The Significance of the Character Shadrack in the Novel Sula by Toni Morrison

Topics: Death, Suicide, Fear Pages: 4 (1558 words) Published: June 28, 2009
The Significance of The Character Shadrack in The Novel Sula By Toni Morrison
The book Sula by Toni Morrison is regarded as one of Morrison’s best work because of the content and structure of the book. Shadrack is an important character in the novel although his appearance in the plot is fairly brief. His significance in the novel stems from the fact that he represents one of the recurring themes of the novel, which is the need for order. Since the need to order and focus experience is an important theme, the character Shadrack illustrates the terror of chaos through his self-proclaimed day “National Suicide Day” in his small town, which portrays the importance of fear, chaos, and death in the book Sula by Toni Morrison.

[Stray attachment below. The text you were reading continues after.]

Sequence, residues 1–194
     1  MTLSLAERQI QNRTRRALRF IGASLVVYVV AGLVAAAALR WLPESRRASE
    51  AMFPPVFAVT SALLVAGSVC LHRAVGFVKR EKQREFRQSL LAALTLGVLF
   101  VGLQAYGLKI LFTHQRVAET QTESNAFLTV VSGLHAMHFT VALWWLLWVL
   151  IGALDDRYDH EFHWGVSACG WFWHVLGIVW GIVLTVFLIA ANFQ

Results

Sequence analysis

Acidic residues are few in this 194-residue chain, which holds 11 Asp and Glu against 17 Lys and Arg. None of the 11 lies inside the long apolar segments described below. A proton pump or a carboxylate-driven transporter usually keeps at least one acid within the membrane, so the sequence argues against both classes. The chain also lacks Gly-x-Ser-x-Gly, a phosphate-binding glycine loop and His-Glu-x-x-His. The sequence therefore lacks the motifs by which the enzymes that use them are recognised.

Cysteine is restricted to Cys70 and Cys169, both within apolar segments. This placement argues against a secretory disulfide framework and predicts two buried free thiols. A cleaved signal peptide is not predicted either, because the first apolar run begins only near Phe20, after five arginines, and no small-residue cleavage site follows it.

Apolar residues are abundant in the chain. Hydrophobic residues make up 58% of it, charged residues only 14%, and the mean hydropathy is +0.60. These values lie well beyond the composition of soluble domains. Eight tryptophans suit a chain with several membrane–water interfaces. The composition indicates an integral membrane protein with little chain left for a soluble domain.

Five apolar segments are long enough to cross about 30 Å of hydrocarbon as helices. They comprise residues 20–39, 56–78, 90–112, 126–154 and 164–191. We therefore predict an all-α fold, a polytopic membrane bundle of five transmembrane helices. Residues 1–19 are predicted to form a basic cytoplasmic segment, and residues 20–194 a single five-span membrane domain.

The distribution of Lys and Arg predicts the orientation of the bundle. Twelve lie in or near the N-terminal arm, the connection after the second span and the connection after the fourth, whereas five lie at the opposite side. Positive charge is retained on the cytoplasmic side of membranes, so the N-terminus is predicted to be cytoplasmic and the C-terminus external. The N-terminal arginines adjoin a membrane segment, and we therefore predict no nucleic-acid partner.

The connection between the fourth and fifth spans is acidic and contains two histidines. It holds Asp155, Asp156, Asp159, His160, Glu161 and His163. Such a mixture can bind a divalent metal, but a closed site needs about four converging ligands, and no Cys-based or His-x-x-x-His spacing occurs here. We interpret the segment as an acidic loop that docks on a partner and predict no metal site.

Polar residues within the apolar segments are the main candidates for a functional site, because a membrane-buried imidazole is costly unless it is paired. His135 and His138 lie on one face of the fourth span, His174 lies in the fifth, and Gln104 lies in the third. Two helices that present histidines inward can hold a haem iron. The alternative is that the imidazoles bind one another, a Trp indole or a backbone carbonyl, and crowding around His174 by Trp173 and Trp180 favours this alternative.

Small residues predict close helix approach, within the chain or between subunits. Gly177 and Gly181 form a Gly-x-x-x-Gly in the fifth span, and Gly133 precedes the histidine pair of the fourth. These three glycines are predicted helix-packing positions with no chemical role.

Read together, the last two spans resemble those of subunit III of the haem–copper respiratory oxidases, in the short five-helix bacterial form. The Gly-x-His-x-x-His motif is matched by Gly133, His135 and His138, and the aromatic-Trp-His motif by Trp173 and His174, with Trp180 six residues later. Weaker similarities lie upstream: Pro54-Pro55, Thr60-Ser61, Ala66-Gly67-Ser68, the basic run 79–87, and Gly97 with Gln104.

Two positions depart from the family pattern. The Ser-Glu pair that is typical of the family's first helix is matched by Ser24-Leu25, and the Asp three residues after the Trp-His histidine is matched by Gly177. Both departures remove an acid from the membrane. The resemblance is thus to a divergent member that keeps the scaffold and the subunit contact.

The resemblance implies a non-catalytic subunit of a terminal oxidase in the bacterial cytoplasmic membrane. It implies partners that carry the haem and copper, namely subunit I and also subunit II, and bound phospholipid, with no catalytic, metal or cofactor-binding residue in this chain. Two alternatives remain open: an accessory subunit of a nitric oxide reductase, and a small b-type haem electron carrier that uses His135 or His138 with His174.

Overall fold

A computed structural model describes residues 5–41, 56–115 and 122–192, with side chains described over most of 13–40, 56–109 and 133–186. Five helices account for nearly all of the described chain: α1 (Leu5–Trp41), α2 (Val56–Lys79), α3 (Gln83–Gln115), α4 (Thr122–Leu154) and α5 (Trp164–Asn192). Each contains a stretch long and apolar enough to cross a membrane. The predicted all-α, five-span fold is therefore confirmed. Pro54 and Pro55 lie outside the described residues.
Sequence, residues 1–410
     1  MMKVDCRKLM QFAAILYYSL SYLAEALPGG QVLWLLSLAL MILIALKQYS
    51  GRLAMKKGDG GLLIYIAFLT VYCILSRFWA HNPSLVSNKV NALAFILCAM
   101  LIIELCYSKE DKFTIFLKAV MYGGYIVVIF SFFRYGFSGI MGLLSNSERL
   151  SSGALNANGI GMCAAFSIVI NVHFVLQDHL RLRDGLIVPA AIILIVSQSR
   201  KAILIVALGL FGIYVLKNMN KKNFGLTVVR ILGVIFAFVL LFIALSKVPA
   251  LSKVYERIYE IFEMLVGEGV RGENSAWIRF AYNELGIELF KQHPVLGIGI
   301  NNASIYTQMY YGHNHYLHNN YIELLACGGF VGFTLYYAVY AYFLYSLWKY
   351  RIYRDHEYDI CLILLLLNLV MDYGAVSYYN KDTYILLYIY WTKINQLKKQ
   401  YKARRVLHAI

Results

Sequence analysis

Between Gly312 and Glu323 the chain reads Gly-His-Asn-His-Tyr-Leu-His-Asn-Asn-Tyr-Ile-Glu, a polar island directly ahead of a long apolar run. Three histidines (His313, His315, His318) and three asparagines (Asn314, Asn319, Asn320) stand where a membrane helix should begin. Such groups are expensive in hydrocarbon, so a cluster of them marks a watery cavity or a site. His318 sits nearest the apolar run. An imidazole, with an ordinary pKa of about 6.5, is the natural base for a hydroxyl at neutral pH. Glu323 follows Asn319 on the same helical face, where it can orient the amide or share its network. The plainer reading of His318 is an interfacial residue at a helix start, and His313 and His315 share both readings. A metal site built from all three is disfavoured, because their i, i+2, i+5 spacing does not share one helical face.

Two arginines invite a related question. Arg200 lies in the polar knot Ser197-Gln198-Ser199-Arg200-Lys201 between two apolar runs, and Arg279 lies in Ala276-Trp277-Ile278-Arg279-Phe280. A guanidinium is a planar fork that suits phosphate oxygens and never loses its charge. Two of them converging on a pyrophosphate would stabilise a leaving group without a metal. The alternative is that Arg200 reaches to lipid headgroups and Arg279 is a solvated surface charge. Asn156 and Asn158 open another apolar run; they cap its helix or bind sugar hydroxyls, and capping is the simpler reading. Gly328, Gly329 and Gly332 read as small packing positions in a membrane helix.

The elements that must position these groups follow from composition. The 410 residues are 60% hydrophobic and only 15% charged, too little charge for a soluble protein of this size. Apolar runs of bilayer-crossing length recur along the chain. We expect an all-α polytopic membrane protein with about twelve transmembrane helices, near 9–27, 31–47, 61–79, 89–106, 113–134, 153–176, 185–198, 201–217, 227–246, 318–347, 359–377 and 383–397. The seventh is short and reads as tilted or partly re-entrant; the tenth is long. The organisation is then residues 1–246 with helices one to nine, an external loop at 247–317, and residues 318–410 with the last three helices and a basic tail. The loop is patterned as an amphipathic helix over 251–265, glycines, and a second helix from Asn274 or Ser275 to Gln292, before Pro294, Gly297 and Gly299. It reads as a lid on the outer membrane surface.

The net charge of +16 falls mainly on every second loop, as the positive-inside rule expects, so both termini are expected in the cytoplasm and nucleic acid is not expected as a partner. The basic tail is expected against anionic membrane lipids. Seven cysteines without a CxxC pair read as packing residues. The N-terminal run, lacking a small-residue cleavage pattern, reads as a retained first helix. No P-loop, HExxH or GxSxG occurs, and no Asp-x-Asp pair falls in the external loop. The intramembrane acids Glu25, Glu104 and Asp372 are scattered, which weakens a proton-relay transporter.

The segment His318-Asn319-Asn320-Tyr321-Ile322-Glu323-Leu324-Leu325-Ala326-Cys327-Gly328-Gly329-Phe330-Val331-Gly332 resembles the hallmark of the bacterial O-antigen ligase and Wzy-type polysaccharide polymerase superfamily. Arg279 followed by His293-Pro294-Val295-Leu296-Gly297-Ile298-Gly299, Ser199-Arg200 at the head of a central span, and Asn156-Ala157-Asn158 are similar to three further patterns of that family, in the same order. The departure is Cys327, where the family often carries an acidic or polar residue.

Shadrack, one of the main characters introduced in the prologue, is a veteran of World War I. He is so traumatized by what he has seen in the war that when he wakes up in a military hospital, he is out of his mind with fear. Even frightened by his own hands, he tries to hide them. He is bound in a straight jacket to try and calm his anxiety. Despite his pitiful condition, Shadrack is soon discharged from the hospital because of overcrowding. Back in the real world, every minor decision to Shadrack is a major event for him. One day he gets a terrible headache and sits on a curb in a small town. He is thrown in jail for being drunk and vagrant, even though he is neither. While in jail, he sees his own reflection in the toilet bowl of the cell. The image calms him; he sleeps and is no longer afraid of his hands. The sheriff figures out that Shadrack is originally from The Bottom and has him taken there. Back in his own hometown, Shadrack becomes a colorful, but harmless, local character. Because of his shell shock, he is obsessed with the suddenness of death and dying. One day he announces the institution of a new holiday: “National Suicide Day” (Sula 14). He proclaims that on January 3 of every year after 1920, people who no longer want to...
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